- What do you do about ghosting and all other problems with temporal accumulation? These problems mostly occur due to working in screen space (screen boundaries, disocclusion when objects move, etc.). The solution: don’t accumulate in screen space at all. Instead, accumulate in light map space.
- Use light map space as a cache for illumination. Falloff is guided by object motion at the hit point and at the distance to the closest occluder.
- When refining dynamic light maps, use lit texels to light the next frame.
- You’ll be using a light map denoising filter with a with a kernel based on distance to occluders, motion, etc.
- “Light map” can be replaced by your favorite data structure (probes, voxels, hash, etc.)
Part 5: Beyond Triangles (3:25 min)
You see a lot of focus on using ray tracing for intersecting triangles, but it’s not the only thing you can do with ray tracing. In this video, we explore what can be done beyond triangles, and the benefits of using NVIDIA RTX Acceleration.
Five Key Points from Part 5:
- DXR supports custom intersection shaders.
- The traversal quickly finds which shader(s) to run.
- Use custom intersections to avoid artifacts and compute analytic coverage.
- Rays can be be faster and alias less than tri raster.
- The fundamental problem with tessellation and ray tracing is normally you would have to tessellate your mesh, then build an acceleration structure over the tessellation, and then trace against that. This can be fairly expensive. You instead gain great efficiency by doing the subdivision inside your shader instead. For instance, you can intersect over 1M hairs in real time.
Part 6: Design First Around Rays (3:53 min)
When teams design around rays first, ray tracing brings efficiency back to art pipelines.This makes for happier, more creatively fulfilled artists, who can rapidly create more content which is unique and higher quality.
Five Key Points from Part 6:
- Design VFX around rays first for robustness and leverage screen space for acceleration.
- Keep high-level, good tradeoff algorithms: they work with rays too. Tiled deferred, instancing, material & geometry LOD, TAA, occlusion culling, geometry streaming.
- Games already look great, so start looking at where it’s costing too much for things to look great, then apply ray tracing solutions in those cases to accelerate overall rendering performance.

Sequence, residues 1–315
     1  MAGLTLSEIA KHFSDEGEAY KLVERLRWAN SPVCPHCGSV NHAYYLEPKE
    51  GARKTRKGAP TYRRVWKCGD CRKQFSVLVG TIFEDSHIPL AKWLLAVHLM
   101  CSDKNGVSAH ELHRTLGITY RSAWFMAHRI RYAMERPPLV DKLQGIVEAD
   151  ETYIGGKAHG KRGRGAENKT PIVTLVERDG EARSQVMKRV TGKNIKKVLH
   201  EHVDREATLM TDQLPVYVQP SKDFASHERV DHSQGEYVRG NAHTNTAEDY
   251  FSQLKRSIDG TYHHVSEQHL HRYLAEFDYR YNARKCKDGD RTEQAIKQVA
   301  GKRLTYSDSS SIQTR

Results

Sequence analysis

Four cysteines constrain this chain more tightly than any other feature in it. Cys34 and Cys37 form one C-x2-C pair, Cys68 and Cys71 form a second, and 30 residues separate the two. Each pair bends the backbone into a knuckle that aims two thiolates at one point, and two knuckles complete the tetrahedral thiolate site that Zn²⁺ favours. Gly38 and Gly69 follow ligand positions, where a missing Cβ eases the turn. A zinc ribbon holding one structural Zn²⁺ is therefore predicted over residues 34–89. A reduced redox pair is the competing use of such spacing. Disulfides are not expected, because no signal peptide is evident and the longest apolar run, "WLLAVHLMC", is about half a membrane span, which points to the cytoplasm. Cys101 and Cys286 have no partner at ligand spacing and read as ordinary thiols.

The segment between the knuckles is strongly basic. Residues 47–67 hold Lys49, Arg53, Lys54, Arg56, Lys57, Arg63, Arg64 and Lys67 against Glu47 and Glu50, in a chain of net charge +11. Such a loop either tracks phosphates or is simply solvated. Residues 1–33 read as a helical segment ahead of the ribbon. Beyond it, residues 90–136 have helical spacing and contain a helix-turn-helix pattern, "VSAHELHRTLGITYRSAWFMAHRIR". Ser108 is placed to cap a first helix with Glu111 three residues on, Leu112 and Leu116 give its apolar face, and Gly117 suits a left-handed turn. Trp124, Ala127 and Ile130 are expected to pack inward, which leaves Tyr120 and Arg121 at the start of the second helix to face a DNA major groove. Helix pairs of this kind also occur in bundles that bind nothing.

- Ray tracing is more than just shiny reflections and shadows. When ray tracing is fully integrated, you’re going to get true cinematic lighting.
- Ray tracing brings us to the point where each studio can use the same set of engine tools, but have a really unique look. You’re going to get back to the point where your VFX teams and artists have headroom again, allowing artists time to explore new looks, and new mechanics inspired by those looks. Happy artists is the biggest payoff of ray tracing!
Part 7: Falcor and Abstraction (9:07 min)
In this video, we explain what Falcor is, make clear why it is valuable to developers, describe how DirectX Ray Tracing has been integrated, and show off what Falcor can do.
Five Key Points from Part 7:
- Falcor is NVIDIA’s real-time rendering R&D infrastructure, which has increased idea throughput and improved collaboration.
- Currently, Falcor can render images at 70% of a AAA-engine image quality. It uses a physically-based shading system, and has a modular rendering techniques library.
- Falcor is intuitive and simple to use, with API-abstraction and clear interfaces and it’s just 50,000 lines of code.
- Falcor supports the latest technologies and APIs, including DirectX Raytracing.
- Falcor allows you to experiment with shading techniques – including DXR – before integrating them into your own engine.
Part 8: Falcor Rendering Library (8:13 min)
Coding time! We’re going to walk you through how to write a basic ray tracer that shoots a shadow ray and does some simple glossy reflections with Falcor. We’ll also run down what is available in the Falcor 3.0 Effects Library.
Three Key Points from Part 8:
- The only thing you need to know about DXR to get started is the ray tracing pipeline.
- The Falcor 3.0 Effects library includes:
- Improved physically-based shading system
- Point- spot-, directional- and area-lights
- Modern shadow-map techniques
- Skinned animations
- Cameras, meshes and lights motion-paths
- Post-processing techniques
- Temporal Anti-Aliasing
- Screen Space Ambient Occlusion
- Integration with NVIDIA’s VXGI, Shadowlib and HBAO+
- The Open Research Content Archive can be found at developer.nvidia.com/orca, with great content from NVIDIA, Amazon, and Epic Games.
We hope you’ve gotten value from the this installment in NVIDIA’s Coffee Break series!
To learn more about NVIDIA RTX Technology, check out the developer page. You can also find out more about Falcor here. The full GDC presentation can be found on NVIDIA’s Developer YouTube page.